I point out to our friends who get very excited at the mention of communism, that communism takes on different forms. I have heard people say that the Australian Labour Party supports communism because we who belong to that party believe in a system whereby things that are socially produced should be socially owned. We are attacked by our opponents and referred to as fellow travellers or reds, and even as Communists, because we hold that idea. Our opponents also say that we want to control everything, just as Sir George Reid said many years ago that we were out to destroy the marriage tie. Such propaganda is the result of deep-seated prejudice in the minds of the people who use it. We as a party believe in social ownership. We believe that in due course there will be developed a system of society in which, with all working together for social production, there wili be social ownership; but that does not mean that the private individual’s commodities or services shall be owned by the State. Nothing of the kind. We want to develop the highest form of productive power to get the best results, at the same time maintaining, as far as is humanly possible, the freedom of the individual and giving him the greatest amount of wealth that it is possible to give him by organized labour operating in the economic field. That is our policy m broad outline. In regard to the recognition of China, we have been called traitors. Of course, the comment was withdrawn.
– I still think it.
– The honorable senator still thinks that way. It reminds me of what Frank Anstey said in the House of Representatives on one occasion. He said, “ Mr. Speaker, the honorable member who has just resumed his seat is a liar. I withdraw that.” A few moments afterwards he said, “ I will go further and say that he is a damn liar. I withdraw that also.” I have withdrawn remarks, too. I shall not tell honorable senators what I have then said to myself. But let me tell them that I thought a lot. Senator Cole thinks we are traitors because we believe as Great Britain does. He believes we are traitors because we try to point out the viewpoint of workers in other countries. Was Macmillan a traitor when he went over to Moscow? Was Robert Gordon Menzies a traitor when he had an hour’s conversation with Khrushchev?
– Do not be silly.
– That is a childish utterance.
– It was made in reply to a childish statement.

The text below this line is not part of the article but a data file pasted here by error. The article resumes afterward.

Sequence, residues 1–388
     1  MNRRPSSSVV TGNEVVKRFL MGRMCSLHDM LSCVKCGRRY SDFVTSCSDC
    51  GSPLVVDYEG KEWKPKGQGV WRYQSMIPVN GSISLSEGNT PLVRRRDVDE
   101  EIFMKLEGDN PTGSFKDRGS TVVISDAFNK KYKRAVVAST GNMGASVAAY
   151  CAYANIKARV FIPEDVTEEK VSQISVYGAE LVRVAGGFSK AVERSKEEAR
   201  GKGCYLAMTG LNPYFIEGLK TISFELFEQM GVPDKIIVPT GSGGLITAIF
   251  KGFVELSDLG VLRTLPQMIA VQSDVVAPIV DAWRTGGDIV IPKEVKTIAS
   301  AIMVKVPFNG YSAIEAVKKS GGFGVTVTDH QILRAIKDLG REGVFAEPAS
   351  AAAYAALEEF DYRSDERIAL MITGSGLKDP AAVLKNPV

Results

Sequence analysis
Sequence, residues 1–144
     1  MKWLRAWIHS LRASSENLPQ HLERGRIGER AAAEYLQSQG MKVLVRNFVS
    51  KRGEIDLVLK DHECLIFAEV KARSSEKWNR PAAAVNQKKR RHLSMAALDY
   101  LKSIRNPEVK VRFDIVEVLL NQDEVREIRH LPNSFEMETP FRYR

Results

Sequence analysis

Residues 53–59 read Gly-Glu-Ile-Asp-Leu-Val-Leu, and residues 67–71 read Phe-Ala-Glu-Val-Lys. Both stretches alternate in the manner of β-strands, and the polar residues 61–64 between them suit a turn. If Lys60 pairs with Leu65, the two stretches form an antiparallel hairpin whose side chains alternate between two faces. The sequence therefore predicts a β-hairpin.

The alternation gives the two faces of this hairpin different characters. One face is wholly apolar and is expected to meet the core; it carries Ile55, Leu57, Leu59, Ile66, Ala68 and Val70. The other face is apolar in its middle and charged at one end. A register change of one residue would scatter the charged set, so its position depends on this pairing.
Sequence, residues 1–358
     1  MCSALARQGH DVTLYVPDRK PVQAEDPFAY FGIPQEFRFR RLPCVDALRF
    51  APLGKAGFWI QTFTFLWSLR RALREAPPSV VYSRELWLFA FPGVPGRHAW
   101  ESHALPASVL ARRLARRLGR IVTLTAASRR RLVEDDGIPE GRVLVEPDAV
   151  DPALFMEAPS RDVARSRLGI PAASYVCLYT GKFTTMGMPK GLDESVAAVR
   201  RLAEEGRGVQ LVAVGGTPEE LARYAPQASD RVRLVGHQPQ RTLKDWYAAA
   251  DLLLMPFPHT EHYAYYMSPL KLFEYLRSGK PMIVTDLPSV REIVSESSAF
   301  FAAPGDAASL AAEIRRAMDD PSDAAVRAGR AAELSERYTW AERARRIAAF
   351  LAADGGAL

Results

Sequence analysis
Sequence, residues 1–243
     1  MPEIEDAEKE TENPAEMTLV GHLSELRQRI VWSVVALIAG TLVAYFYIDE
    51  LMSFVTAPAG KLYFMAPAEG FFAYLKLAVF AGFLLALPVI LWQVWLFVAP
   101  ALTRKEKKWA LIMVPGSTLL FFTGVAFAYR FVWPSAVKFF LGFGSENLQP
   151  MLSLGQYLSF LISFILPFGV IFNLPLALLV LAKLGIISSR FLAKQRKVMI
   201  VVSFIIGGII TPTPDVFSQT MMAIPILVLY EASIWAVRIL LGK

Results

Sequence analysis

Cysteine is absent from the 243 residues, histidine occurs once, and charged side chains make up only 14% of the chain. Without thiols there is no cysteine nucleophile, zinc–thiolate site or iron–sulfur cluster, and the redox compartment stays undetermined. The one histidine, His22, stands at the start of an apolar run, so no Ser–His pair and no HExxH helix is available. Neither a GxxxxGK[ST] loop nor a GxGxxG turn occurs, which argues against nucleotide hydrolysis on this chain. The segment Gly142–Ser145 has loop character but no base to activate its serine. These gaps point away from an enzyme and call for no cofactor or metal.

– If you think it is childish, I shall address it to you. I do not think I am being childish. When discussing the proposed vote for the Department of External Affairs we must not be childish but must try to understand the viewpoint of the Formosans, of the Russians, and of people in other countries. We have a lot to learn from these people without for one moment supporting or endorsing their political or economic policy. Have I or any other honorable senators on this side of the chamber to remain silent simply because some stupid person says that if we discuss this’ matter we are traitors? How absurd it would be to suggest that. If we are men, we must face the situation and listen to both sides of the argument.
One of the greatest causes of war is fear. If we can eliminate the fear of one another, we will be on the road to peace. Let us consider why America is behind Chiang Kai-shek, behind Formosa and behind the holding of Quemoy and Matsu. America wants to keep her line of defence as far away from her own shores as is possible. I quite understand why she wants to do that; there is ah argument in favour of it. In the same way, Russia is seeking to keep her defence line as far as possible from her own borders. That is why she controls Latvia; Lithuania, Hungary and all the other satellite states. Behind the present world situation is fear. I say to Senator Hannan and- Senator Cole that we will not solve the problem by exacerbation of all the evil things and hates’ we read about and which we have heard about to-day. Only by trying thoroughly to understand other nations will we be able to abolish war.
Let’ me quote a statement that was written by one of the finest Writers we have on the Asiatic situation. It will be of deep interest to Senator Hannan, Senator Cole and Senator McManus. The article, which was published in the “ Courier-Mail “, is headed “ Chiang’s blow at freedom “ and was written by the South-East Asia commentator, Denis Warner. We must all admit that Denis Warner is a fine correspondent. He has a deep knowledge of the Asiatic situation, because he has lived amongst Asians for a long time.